Duluth City Council approves paddle park

A controversial plan to develop a new park catering to non-motorized watercraft below Spirit Mountain on the banks of the St. Louis River moved ahead Monday night, when the Duluth City Council approved it by a 7-2 margin.

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A controversial plan to develop a new park catering to non-motorized watercraft below Spirit Mountain on the banks of the St. Louis River moved ahead Monday night, when the Duluth City Council approved it by a 7-2 margin.

In so doing, councilors acted against the recommendation of the city's parks and recreation commission, which voted against the plan 6-4 on Feb. 13.

As proposed, the park would feature a universally accessible canoe and kayak launch, making it easier for paddlers of all abilities, including those with disabilities, to get on the water.

"The proposed lower Spirit Mountain access point to me is a first," said Eric Larson of Courage Kenny, a local organization that works to engage disabled people in outdoor activities. He characterized the launch, sheltered by Tallas Island, as an ideal location for beginners to learn in a safe environment.

"In my 24 years, I've yet to see any concerted effort on behalf of the city, parks department and the state DNR to provide such a universally accessible water access, and I commend the work that's gone into it from the city staff standpoint," Larson said.


But Rich Staffon, president of the Duluth Chapter of the Izaak Walton League, said surrounding terrain in the area, combined with clay soils, could lead to any development there impairing water quality.

He suggested the city's plans for the project were being driven by a desire to fund the construction of a new road that would also serve a prospective housing development in the area, dubbed Kayak Bay.

"We believe there are other viable and less-costly options that need to be considered. All we are asking is that the council put the brakes on this project, which is being driven by a single interest and not by the community as a whole. Let's start with a clean slate, gather all the stakeholders around the table at the same time and work together to find a consensus around a plan that meets all the needs and that results in a win-win, rather than a win-lose," Staffon said.

Josh Sorvik, a Duluth resident paralyzed in a ski accident at age 18, said he still likes to paddle but has had some close calls with motorized traffic at public boat launches, especially given his low profile in the seat of a wheelchair.

"There's been a couple different times when I've almost been run over by somebody when they're trying to get their boat in the water," he said. "In all honesty, it's not always safe, and it's frustrating, and it's difficult."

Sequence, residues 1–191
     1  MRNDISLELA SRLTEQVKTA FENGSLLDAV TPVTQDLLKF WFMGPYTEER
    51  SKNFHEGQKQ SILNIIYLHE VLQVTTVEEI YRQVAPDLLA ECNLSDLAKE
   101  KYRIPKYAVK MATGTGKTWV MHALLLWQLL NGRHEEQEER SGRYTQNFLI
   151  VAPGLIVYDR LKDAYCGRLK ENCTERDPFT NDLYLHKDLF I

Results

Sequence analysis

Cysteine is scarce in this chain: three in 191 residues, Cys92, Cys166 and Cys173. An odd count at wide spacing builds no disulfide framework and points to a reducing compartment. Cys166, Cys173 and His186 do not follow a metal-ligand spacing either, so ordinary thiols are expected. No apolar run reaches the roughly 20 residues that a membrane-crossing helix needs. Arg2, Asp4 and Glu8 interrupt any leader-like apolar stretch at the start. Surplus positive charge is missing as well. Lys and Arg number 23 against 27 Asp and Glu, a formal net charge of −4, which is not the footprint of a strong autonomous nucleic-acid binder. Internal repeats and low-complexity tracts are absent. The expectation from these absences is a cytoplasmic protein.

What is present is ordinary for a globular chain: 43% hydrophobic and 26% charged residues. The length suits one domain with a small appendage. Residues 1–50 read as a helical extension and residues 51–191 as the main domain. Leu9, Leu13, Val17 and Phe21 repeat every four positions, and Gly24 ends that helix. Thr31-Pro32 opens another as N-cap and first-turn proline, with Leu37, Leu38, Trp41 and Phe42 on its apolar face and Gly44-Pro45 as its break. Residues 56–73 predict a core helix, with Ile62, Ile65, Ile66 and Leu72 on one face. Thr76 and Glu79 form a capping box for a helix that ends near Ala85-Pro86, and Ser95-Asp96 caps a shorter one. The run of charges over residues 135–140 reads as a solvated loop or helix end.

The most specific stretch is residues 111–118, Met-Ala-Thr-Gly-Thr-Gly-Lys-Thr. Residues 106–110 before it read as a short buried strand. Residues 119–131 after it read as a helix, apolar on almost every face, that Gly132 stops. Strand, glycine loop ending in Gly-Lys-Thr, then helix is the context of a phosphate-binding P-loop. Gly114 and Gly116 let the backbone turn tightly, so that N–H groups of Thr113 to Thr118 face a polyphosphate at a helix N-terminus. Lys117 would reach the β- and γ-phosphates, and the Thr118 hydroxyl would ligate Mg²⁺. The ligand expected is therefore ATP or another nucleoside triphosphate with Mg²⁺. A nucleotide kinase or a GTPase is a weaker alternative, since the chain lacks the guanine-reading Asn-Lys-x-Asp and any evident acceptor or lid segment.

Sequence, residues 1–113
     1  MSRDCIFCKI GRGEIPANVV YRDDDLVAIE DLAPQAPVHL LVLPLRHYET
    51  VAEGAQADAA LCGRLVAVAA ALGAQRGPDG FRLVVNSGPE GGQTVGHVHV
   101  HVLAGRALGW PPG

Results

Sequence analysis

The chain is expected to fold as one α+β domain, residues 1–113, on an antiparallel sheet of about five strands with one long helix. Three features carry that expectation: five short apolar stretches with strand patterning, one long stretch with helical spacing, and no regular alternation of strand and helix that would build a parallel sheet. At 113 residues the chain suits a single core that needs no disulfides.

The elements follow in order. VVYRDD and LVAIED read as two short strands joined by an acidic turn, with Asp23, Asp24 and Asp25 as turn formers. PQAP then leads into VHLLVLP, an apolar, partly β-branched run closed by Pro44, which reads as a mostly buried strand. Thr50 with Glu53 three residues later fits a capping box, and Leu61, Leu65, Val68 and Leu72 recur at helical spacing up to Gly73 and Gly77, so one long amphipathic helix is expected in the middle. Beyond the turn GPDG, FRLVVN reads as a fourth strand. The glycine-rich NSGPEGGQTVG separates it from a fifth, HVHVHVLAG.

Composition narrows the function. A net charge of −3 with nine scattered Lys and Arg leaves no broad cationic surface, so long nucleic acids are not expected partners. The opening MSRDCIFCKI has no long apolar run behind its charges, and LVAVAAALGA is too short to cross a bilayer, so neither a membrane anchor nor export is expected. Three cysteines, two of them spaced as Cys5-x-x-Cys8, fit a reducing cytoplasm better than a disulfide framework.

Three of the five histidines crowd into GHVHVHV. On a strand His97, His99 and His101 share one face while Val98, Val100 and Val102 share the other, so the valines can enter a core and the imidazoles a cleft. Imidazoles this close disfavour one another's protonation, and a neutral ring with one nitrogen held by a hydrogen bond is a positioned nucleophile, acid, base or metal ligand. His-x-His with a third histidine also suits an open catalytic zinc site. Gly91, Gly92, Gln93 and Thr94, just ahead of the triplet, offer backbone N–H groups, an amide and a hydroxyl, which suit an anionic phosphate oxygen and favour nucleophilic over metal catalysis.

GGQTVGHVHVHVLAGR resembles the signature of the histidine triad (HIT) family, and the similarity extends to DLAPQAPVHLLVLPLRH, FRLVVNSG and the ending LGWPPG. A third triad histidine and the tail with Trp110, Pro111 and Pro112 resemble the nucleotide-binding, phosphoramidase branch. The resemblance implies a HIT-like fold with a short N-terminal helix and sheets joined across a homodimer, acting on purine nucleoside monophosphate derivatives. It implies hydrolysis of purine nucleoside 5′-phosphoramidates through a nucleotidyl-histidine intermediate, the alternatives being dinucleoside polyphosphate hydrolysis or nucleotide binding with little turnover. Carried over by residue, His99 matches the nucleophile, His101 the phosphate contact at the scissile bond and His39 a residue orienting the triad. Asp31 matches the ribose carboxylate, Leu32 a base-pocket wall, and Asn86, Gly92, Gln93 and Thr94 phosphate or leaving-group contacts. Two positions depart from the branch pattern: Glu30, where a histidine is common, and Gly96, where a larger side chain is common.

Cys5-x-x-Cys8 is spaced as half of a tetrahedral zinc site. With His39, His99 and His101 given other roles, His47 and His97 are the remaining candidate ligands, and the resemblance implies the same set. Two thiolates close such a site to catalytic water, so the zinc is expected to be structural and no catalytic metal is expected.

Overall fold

But a number of local residents have consistently opposed the project, in spite of the fact that it was scaled back significantly from its original proposed design. Those critics have included Mike Casey, chairman of the Friends of West Duluth Parks and Trails.

He expressed support for the idea of a universal water access for paddlers, saying: "I believe that this design is needed but not here."

Casey argued that the area in question is worthy of protection from further development.


"This area, Tallas Bay, is quite unique. It's a micro-estuary that is quiet and holds some great wildlife up close to you. Not every park needs to have full access complete with roads and parking," he said.

For the majority of councilors however, the merits of the project outweighed critics' concerns.

"People in our community with disabilities have been waiting for years for this city to seriously address the lack of opportunities for accessible outdoor recreation, in the same way that people with disabilities in our community and our country are often told to wait, because something else is important. And if we vote this down tonight, we're once again saying to people in our community with disabilities, wait. And I'm not prepared tonight to say that," said 2nd District City Councilor Joel Sipress.

But two councilors - Gary Anderson and Renee Van Nett - remained unconvinced that the Tallas Bay location was the best spot for such a facility

"What I've heard over and over again, especially in the past couple of weeks as these resolutions were coming to a head, was that there are citizens who really, really do not feel comfortable with the way this process was carried out," Anderson said.

"I do not feel we've done our due diligence on this. I think we can do better," he said.

Peter Passi covers city government for the Duluth News Tribune. He joined the paper in April 2000, initially as a business reporter but has worked a number of beats through the years.
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